First, while the authors focus particularly on BI fit, it may be fruitful for marketers to combine BI fit with other types of fit such as functional dimension fit and product category fit. For example, while the results suggest marketers should co-brand with low BI fit pairs when targeting at low C-B identification consumers, this recommendation should be taken in conjunction with how consumers respond to other co-branding fit strategies. Second, the authors encourage future researchers to explore deeper into the consumer coping in other contexts. As these elements are critical to consumers’ attitudes, it will be beneficial to see how decoupling or biased assimilation strategies differ in other co-branding fit contexts.

Practical implications

The authors advise marketers to consider both the level of BI fit and the level of C-B identification when looking for a co-brand partner. When targeting low C-B identification consumers, it is better for marketers to find a co-branding partner with a low BI fit than high BI fit. This is a counterintuitive finding given that higher fit (e.g. product category fit and brand image fit) is often associated with positive evaluations. For high C-B identification consumers, BI fit does not adversely affect consumer attitudes (and loyalty). Thus, these consumers are safer targets for marketers in terms of maintaining attitudes. Second, the authors find that when perceived BI fit is low, decoupling strategy is more effective than biased assimilation strategy at defending the positive evaluations of the focal brand. However, when perceived BI fit is high, the two coping strategies have little difference in influencing co-branding attitudes. Thus, the authors advise marketers to encourage their consumers to cope using a decoupling strategy to garner higher attitudes.

Originality/value

The authors introduce BI fit as an important abstract dimension of brand image fit when facing co-branding decisions. Overall, our results demonstrate C-B identification moderates the effects of BI fit on co-branding attitudes. Counter-intuitively, the results suggest that low BI fit co-branding can also generate higher attitudes depending on consumers’ level of brand identification. Moreover, marketers must also be wary of how consumers cope with co-branding, as coping explains the underlying mechanism of how consumers deal with high or low perceived BI fit. Specifically, our findings suggest that consumer coping moderates the relationship between perceived BI fit and co-branding attitudes.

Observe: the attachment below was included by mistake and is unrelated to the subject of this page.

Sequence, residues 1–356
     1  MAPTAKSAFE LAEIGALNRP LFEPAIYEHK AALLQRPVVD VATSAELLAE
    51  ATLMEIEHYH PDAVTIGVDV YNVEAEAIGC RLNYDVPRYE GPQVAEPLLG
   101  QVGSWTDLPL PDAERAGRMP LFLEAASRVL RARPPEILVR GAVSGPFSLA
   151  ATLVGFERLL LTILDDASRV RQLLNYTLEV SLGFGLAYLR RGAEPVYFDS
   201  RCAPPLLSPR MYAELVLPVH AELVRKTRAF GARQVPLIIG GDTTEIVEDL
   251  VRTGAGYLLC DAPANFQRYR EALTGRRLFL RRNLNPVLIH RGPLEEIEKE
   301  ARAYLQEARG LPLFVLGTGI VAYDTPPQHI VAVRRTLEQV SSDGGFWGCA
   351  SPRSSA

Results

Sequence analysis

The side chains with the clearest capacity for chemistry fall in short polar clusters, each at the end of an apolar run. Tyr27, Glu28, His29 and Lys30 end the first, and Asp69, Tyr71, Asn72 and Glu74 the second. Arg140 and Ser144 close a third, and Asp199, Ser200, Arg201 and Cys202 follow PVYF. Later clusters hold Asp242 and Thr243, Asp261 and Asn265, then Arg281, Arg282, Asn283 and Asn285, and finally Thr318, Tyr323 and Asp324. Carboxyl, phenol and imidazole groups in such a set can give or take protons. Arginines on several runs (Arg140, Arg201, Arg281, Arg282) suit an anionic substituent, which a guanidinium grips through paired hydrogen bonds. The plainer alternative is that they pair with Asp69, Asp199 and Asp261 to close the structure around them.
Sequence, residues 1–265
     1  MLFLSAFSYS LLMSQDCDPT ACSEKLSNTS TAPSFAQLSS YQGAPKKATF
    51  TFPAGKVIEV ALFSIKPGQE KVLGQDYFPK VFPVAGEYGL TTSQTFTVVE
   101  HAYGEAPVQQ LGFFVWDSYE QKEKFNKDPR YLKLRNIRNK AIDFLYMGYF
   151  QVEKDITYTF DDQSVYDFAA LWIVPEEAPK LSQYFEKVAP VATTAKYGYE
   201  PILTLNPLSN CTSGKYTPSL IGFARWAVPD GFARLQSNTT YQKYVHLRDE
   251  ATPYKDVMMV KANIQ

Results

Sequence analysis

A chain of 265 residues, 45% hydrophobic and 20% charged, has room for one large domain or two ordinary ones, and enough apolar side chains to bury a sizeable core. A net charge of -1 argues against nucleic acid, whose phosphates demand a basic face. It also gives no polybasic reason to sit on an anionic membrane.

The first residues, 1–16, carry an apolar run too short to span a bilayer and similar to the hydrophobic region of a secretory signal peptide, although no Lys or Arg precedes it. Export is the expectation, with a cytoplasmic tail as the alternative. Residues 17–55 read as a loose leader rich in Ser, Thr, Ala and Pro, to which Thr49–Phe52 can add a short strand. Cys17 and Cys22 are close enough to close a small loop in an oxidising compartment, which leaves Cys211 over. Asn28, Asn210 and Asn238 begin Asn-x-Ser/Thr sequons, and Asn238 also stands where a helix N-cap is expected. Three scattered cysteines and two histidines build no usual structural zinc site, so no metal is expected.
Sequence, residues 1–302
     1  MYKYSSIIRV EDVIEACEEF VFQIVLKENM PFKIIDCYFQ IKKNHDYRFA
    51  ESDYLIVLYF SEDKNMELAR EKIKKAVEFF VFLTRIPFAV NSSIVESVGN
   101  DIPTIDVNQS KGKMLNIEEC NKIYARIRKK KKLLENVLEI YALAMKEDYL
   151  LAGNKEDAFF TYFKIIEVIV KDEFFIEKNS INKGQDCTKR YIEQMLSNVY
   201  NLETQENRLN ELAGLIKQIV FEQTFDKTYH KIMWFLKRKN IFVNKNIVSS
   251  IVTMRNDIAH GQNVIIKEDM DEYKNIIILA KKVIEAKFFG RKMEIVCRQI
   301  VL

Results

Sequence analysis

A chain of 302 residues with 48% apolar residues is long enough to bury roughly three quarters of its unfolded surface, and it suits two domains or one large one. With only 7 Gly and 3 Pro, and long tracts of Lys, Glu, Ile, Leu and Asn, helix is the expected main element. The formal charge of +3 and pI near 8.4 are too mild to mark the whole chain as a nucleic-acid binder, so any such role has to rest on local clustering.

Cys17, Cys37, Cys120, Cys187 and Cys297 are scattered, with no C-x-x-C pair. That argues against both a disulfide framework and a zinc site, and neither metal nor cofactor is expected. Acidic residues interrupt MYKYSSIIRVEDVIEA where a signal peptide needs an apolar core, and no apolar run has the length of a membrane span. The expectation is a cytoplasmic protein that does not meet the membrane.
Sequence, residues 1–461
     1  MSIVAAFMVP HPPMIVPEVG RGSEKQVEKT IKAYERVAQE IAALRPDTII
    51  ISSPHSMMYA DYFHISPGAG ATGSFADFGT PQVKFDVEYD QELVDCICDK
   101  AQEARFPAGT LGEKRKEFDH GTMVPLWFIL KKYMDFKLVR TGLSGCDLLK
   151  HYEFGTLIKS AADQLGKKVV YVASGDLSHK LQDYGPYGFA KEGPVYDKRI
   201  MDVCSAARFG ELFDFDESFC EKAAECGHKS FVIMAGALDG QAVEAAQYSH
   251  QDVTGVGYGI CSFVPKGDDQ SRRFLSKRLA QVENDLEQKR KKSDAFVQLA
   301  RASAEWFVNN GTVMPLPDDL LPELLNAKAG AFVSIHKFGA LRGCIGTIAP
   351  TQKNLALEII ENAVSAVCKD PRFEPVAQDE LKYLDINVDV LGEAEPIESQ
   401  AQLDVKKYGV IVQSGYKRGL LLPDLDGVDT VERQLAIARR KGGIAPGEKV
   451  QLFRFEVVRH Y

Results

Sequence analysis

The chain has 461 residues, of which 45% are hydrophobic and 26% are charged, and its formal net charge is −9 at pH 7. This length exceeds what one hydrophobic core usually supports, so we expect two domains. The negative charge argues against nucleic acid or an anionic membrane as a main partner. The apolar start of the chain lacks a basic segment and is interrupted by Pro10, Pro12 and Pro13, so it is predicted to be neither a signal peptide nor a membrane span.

Details

European Journal of Marketing, vol. 48 no. 7/8
Type: Research Article
ISSN: 0309-0566

Keywords

Article
Publication date: 5 September 2016

Rafaela Almeida Cordeiro, Mateus Canniatti Ponchio and José Afonso Mazzon

The purpose of this paper is to identify whether consumer evaluations of products are influenced by the presence of co-branding with a well-known reputable ingredient…

1293

Abstract

Purpose

The purpose of this paper is to identify whether consumer evaluations of products are influenced by the presence of co-branding with a well-known reputable ingredient brand and whether differences in evaluations are related to the socioeconomic stratum of the consumer.

Design/methodology/approach

These questions were investigated by way of two experiments: the first, using a between-subjects approach that was carried out with 210 subjects and the second, using between- and within-subjects approaches that were carried out with 305 subjects.

Findings

The results show that: products produced by both little-known and well-known brands are evaluated more favourably when they are co-branded with a well-known ingredient brand; there is no evidence that the co-branding effect on product evaluation is stronger for little-known brand products than for well-known brand products; and there is weak evidence that the co-branding effect on product evaluation is stronger among subjects from lower socioeconomic strata than among subjects from the upper stratum.

Research limitations/implications

The theory of anchoring alone is insufficient for explaining differences in product evaluations when the co-branding strategy is adopted. It is believed that positive effects can be also interpreted by the assimilation and signalling theories.

Practical implications